The no-problem-society V – is there really no right life in the wrong one?

[the no-problem-society (I, II, III, IV)]


Adorno coined the phrase
Though without referring to him, we had been chatting about this topic, Yi wondering why “you in the West have this strange attitude: not living, working and then condensing life in a brief period called holidays …”
A few days after our chat this came back to me, 8:30, taking a morning-train to the German capital: eleven man, not too young, entering the passenger compartment, loud enough to entertain a train station, occasionally quietened by reading the famous boulevard journal … . After a short while I saw one of them sitting there with a bottle of sparkled wine, only minutes later he got a little box of Kuemmerling, the herb liqueur – don’t get misled by the name, it is not going back to any worries (the German term “Kummer” can be translated as worry).
Obviously they went for a weekend to live, forgetting existing during unbalanced work, caught in alienation.
I pointed it out to my companion: people, clearly showing the meaning of what Marx stated 1844 in the Economic and Philosophic Manuscripts:
What, then, constitutes the alienation of labor? First, in the fact that labor is external to the worker, that is, that it does not belong to his essential being; that in his work, therefore, he does not affirm himself but denies himself, does not feel well but unhappy, does not freely develop his physical and mental energy but mortifies his body and ruins his mind. The worker, therefore, feels himself only outside his work, and feels beside himself in his work. He is at home when he is not working, and when he is working he is not at home. His work therefore is not voluntary, but coerced; it is forced labor. It is therefore not the satisfaction of a need, but only a means for satisfying needs external to it. Its alien character emerges clearly in the fact that labor is shunned like the plague as soon as there is no physical or other compulsion.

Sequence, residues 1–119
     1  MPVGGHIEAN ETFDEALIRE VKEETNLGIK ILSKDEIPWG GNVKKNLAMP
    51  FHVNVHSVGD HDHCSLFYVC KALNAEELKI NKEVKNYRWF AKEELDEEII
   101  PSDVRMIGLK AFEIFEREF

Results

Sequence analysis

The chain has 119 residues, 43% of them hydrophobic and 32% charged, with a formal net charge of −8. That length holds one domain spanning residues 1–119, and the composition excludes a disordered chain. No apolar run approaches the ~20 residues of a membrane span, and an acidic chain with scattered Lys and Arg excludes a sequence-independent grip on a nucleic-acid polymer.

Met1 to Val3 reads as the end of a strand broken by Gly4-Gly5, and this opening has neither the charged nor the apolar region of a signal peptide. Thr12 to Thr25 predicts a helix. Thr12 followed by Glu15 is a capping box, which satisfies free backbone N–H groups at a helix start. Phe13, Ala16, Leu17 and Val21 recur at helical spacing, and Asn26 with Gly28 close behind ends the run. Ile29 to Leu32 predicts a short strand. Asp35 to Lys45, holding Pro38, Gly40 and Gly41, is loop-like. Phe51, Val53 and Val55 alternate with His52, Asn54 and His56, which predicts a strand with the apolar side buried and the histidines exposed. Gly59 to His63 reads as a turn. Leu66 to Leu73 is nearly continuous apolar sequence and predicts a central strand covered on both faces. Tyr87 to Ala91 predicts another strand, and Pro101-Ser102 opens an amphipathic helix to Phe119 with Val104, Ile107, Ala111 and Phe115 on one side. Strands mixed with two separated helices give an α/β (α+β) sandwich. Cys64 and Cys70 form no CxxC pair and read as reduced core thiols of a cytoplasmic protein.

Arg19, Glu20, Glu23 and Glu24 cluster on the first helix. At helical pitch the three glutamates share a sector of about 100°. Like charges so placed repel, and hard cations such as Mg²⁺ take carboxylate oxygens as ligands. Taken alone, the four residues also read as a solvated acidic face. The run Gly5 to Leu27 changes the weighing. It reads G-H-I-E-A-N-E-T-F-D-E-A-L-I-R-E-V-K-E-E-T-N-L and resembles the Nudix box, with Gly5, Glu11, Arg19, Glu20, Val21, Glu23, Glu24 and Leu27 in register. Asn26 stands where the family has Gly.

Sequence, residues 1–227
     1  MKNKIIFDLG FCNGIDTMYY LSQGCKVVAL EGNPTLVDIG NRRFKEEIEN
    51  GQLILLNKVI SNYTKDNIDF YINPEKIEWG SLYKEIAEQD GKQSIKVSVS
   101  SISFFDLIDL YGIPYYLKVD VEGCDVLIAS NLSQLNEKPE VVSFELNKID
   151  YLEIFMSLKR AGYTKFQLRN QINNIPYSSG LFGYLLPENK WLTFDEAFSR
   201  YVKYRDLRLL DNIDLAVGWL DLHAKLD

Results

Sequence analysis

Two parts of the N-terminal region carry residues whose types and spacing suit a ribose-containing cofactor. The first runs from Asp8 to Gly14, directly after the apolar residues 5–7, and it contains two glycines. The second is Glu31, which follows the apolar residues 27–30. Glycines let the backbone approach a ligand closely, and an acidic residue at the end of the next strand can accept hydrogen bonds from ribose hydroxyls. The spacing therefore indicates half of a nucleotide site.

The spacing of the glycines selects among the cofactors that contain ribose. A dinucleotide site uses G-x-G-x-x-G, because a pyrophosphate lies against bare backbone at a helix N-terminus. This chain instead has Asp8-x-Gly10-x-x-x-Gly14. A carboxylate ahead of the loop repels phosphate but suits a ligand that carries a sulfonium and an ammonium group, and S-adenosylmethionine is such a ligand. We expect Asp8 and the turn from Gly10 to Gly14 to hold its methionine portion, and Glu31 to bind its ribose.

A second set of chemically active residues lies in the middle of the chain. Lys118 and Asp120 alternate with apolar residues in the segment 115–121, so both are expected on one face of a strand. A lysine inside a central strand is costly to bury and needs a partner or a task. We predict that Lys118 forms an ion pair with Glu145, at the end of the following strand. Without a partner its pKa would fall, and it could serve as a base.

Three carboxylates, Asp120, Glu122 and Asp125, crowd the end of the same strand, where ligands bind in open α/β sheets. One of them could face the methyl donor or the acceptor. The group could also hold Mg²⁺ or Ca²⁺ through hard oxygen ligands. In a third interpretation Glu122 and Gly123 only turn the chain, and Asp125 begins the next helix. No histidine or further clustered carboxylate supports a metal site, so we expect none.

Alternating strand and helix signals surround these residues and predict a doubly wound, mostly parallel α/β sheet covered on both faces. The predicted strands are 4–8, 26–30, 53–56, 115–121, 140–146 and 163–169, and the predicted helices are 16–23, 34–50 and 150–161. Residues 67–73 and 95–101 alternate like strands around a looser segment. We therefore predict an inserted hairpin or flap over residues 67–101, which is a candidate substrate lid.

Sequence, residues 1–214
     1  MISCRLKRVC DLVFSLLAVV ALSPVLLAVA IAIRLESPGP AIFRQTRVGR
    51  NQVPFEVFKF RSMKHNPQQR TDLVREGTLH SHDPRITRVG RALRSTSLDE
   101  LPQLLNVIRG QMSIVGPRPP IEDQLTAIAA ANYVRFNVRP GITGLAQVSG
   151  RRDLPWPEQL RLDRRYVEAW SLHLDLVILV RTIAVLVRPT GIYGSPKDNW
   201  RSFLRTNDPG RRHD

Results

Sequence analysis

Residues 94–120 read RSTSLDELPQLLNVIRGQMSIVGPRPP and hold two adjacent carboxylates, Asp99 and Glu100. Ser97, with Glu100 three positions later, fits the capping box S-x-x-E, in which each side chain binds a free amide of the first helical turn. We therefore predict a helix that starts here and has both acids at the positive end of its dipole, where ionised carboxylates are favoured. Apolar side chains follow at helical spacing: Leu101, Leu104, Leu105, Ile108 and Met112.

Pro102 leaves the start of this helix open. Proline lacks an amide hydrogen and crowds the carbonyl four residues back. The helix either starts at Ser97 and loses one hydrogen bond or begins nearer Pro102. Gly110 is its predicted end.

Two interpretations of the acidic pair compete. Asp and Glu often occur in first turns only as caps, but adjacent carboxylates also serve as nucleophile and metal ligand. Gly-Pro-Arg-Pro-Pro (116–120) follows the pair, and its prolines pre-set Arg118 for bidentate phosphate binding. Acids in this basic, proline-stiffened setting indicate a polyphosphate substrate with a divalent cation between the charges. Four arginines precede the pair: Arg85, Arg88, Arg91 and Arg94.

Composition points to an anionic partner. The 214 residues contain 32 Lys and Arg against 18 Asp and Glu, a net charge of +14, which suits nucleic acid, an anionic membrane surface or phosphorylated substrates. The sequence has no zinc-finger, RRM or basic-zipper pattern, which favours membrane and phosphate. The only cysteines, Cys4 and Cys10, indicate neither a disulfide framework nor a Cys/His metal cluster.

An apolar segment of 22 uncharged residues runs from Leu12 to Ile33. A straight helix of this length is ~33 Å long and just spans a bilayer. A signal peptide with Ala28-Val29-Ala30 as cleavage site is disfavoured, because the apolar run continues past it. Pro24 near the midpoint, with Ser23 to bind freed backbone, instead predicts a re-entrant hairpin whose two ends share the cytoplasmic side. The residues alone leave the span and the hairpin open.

It has nothing to do with what is called intelligence, it is nothing that can easily be overcome, by nobody and nowhere – again Marx, again the first volume of Capital:
If money, according to Augier, “comes into the world with a congenital blood-stain on one cheek,” capital comes dripping from head to foot, from every pore, with blood and dirt.
And more or less the same kind of blood-stain:
to the development of productivity and the more economic use of the conditions of production. It imposes on the worker an increased expenditure of labour within a time which remains constant, a heightened tension of labour-power, and a closer filling-up of the pores of the working day, i.e. a condensation of labour … the denser hour of the 10-hour working day contains more labour.
And as commodity consumption becomes “production”, the act of buying itself becomes a means of satisfaction, it is the emergence of the real life becoming itself a wrong life.
Yes, Yi, we know and still we do not fully grasp it, we remain caught with the two souls you talked about. Still … as much as we now … a stone know as well a lot, is there on the ground, condensed, the impressions of hundreds of years ingrained – but it is unable thinking to think even a nanosecond, as unable as it is to feel …, to love, to acknowledge and eve enjoy the madness of everyday’s life. No way for it to escape, to start thinking, no way to make it thinking …